After we’d watched the 3 videos, we walked over to Scale Lane Bridge, one of the bridges that was featured in the event, which has a room within that can be used for exhibitions. The exhibition explaining the event in more detail was split into 11 different parts which were: an introduction to the event briefly explaining all the elements of it, the 13 bridges of Hull, the vessels, the workshops Lou held in local schools alongside novelist Russ Litten and creative writer Christina Lewis, the newspaper reviews after the event, some radio transcripts from the boats on the evening, the engines and insects artwork, ‘Moments in Time’ music composition, pictures of the crews of the vessels and illustrations of the boats and ‘Open Bridges’ from the night sky. There were also some intricate pieces of art work taken from the machinery in the bridges which had been distorted so they reflected themselves and appeared like insects as mentioned earlier. The exhibition added to my knowledge of ‘Open Bridges’ as a whole because it gave lots of different perspectives of the event and background work that had gone on to pull the event together. It was a privilege to be on the bridge as it opened especially for our party and it was the perfect way to end the afternoon. I’m very grateful to Rich and Lou to inviting me along to this event and you can click here to view their post on it.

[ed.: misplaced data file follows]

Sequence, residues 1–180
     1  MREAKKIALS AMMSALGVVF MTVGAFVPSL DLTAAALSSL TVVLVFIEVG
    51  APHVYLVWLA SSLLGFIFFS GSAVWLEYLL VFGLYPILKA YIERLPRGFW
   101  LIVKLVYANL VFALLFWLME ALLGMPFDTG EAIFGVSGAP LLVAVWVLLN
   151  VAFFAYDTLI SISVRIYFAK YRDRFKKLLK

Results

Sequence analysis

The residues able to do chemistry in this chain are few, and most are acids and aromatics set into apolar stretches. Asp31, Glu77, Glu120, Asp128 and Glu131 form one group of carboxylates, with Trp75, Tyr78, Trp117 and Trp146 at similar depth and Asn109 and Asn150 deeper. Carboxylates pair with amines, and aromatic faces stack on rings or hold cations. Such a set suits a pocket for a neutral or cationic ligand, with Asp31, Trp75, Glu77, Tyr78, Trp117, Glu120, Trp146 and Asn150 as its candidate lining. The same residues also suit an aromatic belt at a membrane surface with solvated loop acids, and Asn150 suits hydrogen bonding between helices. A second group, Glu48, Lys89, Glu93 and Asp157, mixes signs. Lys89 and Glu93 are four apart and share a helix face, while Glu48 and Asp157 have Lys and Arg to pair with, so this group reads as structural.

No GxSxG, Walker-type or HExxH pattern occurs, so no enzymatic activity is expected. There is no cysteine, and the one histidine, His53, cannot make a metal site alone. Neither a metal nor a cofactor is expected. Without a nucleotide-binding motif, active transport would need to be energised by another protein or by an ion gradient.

Amelia Grace a.k.a Amelia in Hull